Joanna is a freelance information consultant and analyst. She started her career in information as a clinical librarian in the NHS before moving to global consultancy group DTZ. Prior to working in the information sector Joanna was a project planning engineer in the construction industry for 10 years.
She hopes to help people use information for assessing risk, making decisions and in governance. She is particularly interested in inequalities issues such as accessibility, information literacy and the information divide especially in the healthcare sector. She is the author of a chapter 'Digital divide and accessibility' in Government Information Management in the 21st Century. She is also the author of the book Taking charge of your career: a guide for library and information professionals.
You can follow Joanna on Twitter.
Articles by Joanna Ptolomey:
All a-flap about maps
Mapping and visualisation tools are not only gaining popularity as an enabler for many of the products we use and project development on a day to day basis as I considered in a previous LiveWire post. The mapping products themselves are generating some interesting news around competition, market penetration and privacy.
Cookies law already crumbling
Open and shared data saves lives
Not all data can be truly open as there are privacy issues. But making data more sharable, such as health records, could save lives. Efforts on this front were featured at a recent World Bank event focused on free and open source geographic information systems and mapping tools that will strengthen disaster risk reduction, humanitarian relief and sustainable development.
Leveling the playing field in the journal publishing game
You know the saying – not all research is equal and that is one significant factor that can be reflected in which journal opts to publish your research. But what if you don’t know how to play the game, have limited knowledge of western publishing, few contacts and English is not your first language – what are your options?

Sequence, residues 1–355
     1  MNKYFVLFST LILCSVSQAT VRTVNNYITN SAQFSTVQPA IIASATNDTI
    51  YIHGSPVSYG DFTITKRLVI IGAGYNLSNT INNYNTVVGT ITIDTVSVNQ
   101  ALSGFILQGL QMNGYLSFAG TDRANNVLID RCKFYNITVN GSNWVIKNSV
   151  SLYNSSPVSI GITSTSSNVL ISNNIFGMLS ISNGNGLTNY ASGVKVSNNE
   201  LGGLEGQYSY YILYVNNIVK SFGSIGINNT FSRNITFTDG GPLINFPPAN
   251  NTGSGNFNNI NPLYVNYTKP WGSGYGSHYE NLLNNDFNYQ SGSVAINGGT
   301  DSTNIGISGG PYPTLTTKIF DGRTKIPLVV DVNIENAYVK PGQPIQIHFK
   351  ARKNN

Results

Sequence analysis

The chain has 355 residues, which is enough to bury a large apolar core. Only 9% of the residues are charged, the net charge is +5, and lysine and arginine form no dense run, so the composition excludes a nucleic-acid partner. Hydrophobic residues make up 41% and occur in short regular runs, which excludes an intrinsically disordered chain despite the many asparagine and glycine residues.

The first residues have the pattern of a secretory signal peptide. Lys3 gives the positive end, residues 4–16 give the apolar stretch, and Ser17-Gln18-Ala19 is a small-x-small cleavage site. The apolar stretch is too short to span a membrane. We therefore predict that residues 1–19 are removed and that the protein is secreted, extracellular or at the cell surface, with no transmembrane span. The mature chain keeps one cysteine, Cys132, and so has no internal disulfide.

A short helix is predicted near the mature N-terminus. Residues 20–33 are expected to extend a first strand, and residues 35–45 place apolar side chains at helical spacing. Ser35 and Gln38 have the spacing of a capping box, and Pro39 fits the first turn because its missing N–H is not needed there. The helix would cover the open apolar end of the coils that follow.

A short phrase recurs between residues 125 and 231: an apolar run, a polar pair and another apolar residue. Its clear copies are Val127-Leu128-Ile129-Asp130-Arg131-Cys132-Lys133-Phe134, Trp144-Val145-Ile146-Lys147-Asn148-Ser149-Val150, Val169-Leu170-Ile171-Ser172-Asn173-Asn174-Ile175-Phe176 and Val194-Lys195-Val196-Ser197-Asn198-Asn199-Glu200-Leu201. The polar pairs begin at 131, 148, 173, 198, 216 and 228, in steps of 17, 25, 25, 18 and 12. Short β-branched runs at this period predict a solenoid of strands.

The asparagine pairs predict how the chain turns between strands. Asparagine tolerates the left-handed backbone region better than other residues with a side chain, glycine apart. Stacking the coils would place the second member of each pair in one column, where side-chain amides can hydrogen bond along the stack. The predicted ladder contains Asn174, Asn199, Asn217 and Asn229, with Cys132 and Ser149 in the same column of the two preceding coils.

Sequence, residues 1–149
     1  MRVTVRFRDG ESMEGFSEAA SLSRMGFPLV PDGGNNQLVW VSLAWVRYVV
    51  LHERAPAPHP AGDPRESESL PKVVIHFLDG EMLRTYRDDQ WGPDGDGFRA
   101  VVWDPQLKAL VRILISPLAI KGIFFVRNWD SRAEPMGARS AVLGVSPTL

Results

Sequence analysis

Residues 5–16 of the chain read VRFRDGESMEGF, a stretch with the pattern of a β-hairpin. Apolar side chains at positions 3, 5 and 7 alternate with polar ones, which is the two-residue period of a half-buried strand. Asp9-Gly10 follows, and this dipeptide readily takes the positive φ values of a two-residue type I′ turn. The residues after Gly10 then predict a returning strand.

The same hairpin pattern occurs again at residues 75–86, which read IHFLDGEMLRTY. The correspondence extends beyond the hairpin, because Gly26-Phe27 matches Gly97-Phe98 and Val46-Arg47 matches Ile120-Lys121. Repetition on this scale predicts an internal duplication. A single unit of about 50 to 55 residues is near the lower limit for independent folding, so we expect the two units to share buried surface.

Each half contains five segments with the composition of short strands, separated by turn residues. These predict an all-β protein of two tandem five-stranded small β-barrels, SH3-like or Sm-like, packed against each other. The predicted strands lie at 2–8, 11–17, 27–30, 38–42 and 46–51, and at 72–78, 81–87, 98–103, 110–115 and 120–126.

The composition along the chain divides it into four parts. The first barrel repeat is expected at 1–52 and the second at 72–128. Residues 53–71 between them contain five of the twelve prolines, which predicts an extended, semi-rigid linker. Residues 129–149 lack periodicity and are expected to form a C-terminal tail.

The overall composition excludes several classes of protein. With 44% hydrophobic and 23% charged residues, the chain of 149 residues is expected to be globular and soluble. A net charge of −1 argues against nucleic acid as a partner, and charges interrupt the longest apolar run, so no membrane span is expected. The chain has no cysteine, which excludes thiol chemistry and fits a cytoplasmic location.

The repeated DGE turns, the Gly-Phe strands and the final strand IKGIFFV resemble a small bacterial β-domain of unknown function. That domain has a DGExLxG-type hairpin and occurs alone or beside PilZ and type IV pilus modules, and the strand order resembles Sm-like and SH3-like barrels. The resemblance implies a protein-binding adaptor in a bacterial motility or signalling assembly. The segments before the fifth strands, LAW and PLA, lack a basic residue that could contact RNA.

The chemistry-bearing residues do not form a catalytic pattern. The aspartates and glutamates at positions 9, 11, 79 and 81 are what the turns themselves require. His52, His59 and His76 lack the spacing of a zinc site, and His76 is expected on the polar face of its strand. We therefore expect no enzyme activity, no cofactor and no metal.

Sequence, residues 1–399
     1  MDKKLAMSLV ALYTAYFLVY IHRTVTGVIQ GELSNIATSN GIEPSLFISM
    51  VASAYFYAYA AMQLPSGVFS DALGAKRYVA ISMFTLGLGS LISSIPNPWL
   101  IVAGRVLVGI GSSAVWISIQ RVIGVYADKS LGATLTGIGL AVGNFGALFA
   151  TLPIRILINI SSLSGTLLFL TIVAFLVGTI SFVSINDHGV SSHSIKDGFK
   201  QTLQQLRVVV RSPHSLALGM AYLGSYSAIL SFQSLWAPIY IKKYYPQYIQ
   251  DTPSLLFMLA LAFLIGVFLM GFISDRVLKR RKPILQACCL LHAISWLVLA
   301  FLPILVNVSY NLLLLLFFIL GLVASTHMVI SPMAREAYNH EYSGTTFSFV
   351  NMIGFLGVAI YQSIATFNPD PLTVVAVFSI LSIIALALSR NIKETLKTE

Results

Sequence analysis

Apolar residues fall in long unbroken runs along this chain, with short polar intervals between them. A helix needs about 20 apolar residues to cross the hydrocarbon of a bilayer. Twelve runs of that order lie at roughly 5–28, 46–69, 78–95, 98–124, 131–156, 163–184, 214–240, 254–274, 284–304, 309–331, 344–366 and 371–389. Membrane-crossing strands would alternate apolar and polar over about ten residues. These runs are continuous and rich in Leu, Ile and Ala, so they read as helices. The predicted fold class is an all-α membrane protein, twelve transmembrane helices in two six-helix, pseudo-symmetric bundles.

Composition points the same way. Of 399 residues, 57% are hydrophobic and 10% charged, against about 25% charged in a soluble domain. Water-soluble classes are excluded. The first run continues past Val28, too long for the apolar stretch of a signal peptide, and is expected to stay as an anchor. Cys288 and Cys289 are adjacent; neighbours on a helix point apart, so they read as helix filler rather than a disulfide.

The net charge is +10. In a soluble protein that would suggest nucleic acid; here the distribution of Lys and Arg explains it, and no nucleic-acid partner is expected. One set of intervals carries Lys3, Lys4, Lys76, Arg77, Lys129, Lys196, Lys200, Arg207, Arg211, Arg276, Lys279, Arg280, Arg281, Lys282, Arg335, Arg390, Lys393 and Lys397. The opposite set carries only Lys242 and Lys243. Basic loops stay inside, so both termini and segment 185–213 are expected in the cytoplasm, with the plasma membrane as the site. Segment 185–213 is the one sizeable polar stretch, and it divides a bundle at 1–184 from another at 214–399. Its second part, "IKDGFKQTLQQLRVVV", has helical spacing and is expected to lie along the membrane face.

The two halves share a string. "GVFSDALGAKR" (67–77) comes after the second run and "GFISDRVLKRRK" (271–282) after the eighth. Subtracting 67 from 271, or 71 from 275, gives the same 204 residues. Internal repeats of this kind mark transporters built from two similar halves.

Social media benefits for the healthcare business
Medical director for the Mayo Clinic, Farris Timimi MD, believes that social media is not an addition to your job as a doctor and healthcare provider. It is a part of your job as a doctor and it cannot be ignored as a potential benefit to the system. So, if we trust doctors with a scalpel and surgical procedures should we not we not trust them with social media tools?
China trumps in scientific publishing?
At the Online Information conference, in December 2011, I reported on the flurry of discussions, influences and markers that China seemed to be having in the world of scientific publishing.
People - we need your big data
The McKinsey Global Institute reports that if the US healthcare system were to use big data creatively the result would be a $300 billion value every year. So what about people information or patient derived information? Surely this is a huge missing chunk of big data that is also floating around in the digital information world.
Quilting big data threads
Recently I have found myself cooing over visualisation maps (and heat maps) of health and well being resources. The content rich data is overlayed with mapping technologies, and some interesting themes and patterns are emerging.
Less than 40 days for compliant cookies
With EU cookie compliance law due to be enforced on 26 May 2012, many organisations are simply not ready. There seems to be no consensus about the best way forward to get websites compliant, and industry suggests that compliance could harm online sales